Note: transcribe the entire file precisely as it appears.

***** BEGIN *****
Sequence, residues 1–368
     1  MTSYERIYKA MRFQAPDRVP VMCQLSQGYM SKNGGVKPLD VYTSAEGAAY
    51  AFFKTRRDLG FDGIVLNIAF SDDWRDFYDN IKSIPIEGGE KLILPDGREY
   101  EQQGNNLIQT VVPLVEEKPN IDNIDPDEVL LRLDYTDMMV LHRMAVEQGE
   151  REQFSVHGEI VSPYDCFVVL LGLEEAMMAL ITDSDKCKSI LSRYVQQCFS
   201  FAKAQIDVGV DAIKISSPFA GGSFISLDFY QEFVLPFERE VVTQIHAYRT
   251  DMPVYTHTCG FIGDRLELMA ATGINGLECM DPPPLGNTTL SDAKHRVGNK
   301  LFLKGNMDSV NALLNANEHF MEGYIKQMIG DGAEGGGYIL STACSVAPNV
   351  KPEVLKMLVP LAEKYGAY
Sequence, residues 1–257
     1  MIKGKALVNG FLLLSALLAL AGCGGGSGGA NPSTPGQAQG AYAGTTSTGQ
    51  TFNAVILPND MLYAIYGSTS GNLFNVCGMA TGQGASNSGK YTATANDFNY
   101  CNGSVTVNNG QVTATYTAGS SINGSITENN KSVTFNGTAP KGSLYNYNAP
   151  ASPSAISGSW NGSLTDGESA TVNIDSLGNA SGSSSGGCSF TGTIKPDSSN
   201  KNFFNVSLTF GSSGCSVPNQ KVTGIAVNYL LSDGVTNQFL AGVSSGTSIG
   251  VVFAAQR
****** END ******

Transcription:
Sequence, residues 1–368
     1  MTSYERIYKA MRFQAPDRVP VMCQLSQGYM SKNGGVKPLD VYTSAEGAAY
    51  AFFKTRRDLG FDGIVLNIAF SDDWRDFYDN IKSIPIEGGE KLILPDGREY
   101  EQQGNNLIQT VVPLVEEKPN IDNIDPDEVL LRLDYTDMMV LHRMAVEQGE
   151  REQFSVHGEI VSPYDCFVVL LGLEEAMMAL ITDSDKCKSI LSRYVQQCFS
   201  FAKAQIDVGV DAIKISSPFA GGSFISLDFY QEFVLPFERE VVTQIHAYRT
   251  DMPVYTHTCG FIGDRLELMA ATGINGLECM DPPPLGNTTL SDAKHRVGNK
   301  LFLKGNMDSV NALLNANEHF MEGYIKQMIG DGAEGGGYIL STACSVAPNV
   351  KPEVLKMLVP LAEKYGAY
Sequence, residues 1–257
     1  MIKGKALVNG FLLLSALLAL AGCGGGSGGA NPSTPGQAQG AYAGTTSTGQ
    51  TFNAVILPND MLYAIYGSTS GNLFNVCGMA TGQGASNSGK YTATANDFNY
   101  CNGSVTVNNG QVTATYTAGS SINGSITENN KSVTFNGTAP KGSLYNYNAP
   151  ASPSAISGSW NGSLTDGESA TVNIDSLGNA SGSSSGGCSF TGTIKPDSSN
   201  KNFFNVSLTF GSSGCSVPNQ KVTGIAVNYL LSDGVTNQFL AGVSSGTSIG
   251  VVFAAQR